But then that pride turned to shame and anger as they found themselves seemingly downgraded in rank again, due to their poverty and lack of education, since the optimism of the 1960s yielded to the jaded materialism and defeatism that has prevailed ever since. Today, the members of the white underclass are the coal miners, desolating their own home communities just to make a buck. They’re the vast bulk of the military, the only means they can find to afford an advanced education. They’re the farmers, overworked and then robbed of their farms by Big Agriculture, often ending up working for the new owners of land that was once theirs. They’re the factory workers, with no opportunity for advancement, mistreated and tossed aside as automation, outsourcing, offshoring and union-busting provides arrogant and indifferent corporate executives (almost all of them white males of the top-most dominant caste) with a means of reducing costs. Their shame and misery is expressed in the astonishing number of them addicted to and dying from heroin, cocaine and fentanyl, as well as the old working class standbys, alcohol and tobacco, and the many other diseases of despair and hopelessness that have recently started to lower life-expectancies of this caste.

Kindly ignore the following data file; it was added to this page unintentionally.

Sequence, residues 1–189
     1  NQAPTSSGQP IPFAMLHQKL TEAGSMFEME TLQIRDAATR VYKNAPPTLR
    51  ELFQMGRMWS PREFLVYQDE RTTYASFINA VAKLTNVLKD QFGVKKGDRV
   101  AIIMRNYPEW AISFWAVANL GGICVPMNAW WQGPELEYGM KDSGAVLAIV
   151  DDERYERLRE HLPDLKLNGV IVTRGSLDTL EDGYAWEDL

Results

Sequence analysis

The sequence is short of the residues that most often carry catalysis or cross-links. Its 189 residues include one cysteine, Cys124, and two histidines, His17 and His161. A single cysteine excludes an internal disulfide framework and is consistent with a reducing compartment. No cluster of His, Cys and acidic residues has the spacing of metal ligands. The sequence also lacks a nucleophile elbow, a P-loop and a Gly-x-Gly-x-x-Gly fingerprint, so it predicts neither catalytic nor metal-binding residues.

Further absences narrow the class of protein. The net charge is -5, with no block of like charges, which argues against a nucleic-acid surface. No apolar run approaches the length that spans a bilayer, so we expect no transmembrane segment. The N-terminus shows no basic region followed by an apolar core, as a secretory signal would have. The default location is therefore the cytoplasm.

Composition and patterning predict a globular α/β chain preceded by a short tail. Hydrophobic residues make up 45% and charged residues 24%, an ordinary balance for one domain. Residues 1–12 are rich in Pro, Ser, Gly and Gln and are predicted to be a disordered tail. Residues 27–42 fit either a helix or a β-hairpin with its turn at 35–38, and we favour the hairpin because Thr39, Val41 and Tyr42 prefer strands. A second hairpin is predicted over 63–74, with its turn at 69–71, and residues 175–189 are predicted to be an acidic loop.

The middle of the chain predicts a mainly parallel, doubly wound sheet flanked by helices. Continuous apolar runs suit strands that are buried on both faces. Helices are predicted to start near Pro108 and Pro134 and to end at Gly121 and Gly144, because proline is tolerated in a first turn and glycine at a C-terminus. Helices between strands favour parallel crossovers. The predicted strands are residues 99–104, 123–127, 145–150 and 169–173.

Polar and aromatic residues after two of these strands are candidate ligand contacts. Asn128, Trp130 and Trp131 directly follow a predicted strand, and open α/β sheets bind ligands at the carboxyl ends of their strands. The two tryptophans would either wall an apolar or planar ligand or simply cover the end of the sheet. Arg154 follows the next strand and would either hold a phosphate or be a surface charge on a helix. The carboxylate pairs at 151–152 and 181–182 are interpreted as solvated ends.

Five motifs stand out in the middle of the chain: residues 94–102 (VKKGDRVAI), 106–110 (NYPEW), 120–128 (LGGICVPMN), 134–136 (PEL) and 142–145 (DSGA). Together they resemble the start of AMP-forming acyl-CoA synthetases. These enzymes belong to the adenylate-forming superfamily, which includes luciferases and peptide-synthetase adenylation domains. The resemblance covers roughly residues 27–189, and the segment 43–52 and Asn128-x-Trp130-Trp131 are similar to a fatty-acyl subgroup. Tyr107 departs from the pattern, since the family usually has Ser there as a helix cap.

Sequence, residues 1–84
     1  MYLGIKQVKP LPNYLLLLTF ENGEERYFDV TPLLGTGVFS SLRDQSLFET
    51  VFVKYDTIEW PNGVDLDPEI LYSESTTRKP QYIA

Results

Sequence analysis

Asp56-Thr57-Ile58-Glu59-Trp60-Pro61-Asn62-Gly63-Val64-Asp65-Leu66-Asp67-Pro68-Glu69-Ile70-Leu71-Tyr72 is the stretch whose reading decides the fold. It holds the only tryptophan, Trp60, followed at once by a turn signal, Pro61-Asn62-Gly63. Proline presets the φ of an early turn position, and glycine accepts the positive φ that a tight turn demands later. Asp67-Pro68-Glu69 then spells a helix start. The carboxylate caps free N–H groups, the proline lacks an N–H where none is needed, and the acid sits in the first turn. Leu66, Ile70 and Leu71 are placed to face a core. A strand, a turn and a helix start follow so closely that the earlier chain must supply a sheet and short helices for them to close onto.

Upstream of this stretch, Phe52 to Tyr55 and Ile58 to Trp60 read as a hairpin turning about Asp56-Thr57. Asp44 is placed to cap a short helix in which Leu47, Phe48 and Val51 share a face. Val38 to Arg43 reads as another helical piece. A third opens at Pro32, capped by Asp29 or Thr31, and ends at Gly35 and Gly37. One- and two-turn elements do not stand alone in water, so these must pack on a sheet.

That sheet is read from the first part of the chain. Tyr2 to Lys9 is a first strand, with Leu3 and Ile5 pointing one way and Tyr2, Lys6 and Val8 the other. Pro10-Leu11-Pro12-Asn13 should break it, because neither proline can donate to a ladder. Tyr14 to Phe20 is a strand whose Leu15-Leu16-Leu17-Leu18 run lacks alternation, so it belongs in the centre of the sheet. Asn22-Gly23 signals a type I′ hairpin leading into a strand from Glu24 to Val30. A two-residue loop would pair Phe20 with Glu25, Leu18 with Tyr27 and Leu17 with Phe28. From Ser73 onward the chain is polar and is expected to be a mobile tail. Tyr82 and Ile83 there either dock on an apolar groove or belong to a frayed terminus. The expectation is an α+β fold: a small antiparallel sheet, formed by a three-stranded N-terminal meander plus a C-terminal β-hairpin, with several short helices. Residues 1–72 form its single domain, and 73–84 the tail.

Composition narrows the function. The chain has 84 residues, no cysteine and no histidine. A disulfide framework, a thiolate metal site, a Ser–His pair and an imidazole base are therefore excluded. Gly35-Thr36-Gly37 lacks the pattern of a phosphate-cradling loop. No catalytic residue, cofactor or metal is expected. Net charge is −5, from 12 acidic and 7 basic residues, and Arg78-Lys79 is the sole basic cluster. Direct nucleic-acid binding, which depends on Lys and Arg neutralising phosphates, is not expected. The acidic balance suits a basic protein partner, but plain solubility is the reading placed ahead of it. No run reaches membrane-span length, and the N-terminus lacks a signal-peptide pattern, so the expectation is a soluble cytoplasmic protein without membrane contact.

As the statistics show, it is now almost impossible to move economically from one quintile of income or net worth to a higher one, even over several generations. If “higher education” was ever a vehicle for doing so, it is no more. Since the death of egalitarianism and idealism in the mid-20th century, your wealth and education has become a lifelong badge of your caste, inherited and passed down to future generations. Poverty, and the rising chasm of economic inequality, have ushered in a subtler but still oppressive form of slavery, and while Blacks remain far and away the most oppressed caste, many working class whites have fallen from the dominant caste to something seemingly hopelessly below. They are angry (especially the gender with most of the testosterone). And, being uninformed and poorly educated, they are ripe for the picking by autocrats like Trump. And their shame and rage is often directed at — you guessed it — those of subordinate castes (in the corporate caste system it’s called “suck up; shit down” and it worsens as corporate size and number of levels of hierarchy increase).